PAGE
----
An autism warning to pregnant women over the epilepsy drug valproate is contained in a report by Professor Gus Baker at the University of Liverpool’s clinical neuropsychology department.
He says that using the drug while pregnant could lead to a “substantial” risk of children being diagnosed with the condition.
Symptoms of autism include difficulty in language development, a lack of attention, social problems and the inability to understand other people’s feelings.
Of 632 children studied for the research, 64 were exposed to valproate while others were exposed to different epilepsy drugs. Nine of the 632 children has been diagnosed with autism and another has shown symptoms.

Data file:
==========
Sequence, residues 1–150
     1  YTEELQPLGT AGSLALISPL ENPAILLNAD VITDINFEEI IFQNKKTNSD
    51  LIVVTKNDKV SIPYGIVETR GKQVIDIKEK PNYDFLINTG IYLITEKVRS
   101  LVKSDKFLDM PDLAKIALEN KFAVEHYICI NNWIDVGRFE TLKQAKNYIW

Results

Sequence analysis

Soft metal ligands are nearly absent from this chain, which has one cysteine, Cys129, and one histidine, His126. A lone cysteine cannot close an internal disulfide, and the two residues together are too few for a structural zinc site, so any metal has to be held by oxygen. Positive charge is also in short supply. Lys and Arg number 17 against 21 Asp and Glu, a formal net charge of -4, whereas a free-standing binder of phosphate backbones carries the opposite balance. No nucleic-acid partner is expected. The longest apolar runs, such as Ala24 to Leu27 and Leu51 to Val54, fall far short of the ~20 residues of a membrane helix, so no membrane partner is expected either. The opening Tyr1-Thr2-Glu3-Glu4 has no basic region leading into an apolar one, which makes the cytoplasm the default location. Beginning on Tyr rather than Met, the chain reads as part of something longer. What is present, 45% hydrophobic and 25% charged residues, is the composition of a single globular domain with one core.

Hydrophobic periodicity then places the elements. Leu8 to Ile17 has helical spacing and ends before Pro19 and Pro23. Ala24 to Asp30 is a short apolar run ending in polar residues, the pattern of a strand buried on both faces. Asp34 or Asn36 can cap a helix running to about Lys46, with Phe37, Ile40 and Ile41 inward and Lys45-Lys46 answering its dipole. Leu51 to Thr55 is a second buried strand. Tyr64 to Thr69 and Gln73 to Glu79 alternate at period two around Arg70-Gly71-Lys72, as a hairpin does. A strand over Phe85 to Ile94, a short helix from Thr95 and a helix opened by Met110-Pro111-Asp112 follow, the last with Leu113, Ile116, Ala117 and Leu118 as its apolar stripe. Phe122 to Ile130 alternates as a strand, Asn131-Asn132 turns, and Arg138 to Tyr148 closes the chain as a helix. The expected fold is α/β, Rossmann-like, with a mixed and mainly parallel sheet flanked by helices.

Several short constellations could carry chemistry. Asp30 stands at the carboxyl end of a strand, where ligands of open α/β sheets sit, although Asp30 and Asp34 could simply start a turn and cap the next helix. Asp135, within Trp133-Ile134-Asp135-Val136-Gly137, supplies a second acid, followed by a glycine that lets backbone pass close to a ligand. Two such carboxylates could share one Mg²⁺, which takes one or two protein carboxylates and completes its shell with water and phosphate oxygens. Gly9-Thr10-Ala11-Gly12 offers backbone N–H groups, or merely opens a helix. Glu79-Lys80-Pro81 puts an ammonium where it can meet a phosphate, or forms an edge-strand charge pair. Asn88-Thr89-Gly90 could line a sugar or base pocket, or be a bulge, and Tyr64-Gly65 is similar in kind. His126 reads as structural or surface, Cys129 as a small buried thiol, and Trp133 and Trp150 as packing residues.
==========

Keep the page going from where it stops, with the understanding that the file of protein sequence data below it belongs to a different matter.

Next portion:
The children whose mothers had been given valproate during pregnancy were found to be seven times more likely to develop autism compared to children whose mothers did not take epilepsy drugs during pregnancy.
Prof Baker said: “The potential risk for autism in this study was substantial for children whose mothers took valproate while pregnant, but more research needs to be done since these are early findings.
“However, women who take valproate while pregnant should be informed of the possible risks of autism, and are encouraged to discuss them with their doctor.”
Copyright Press Association 2008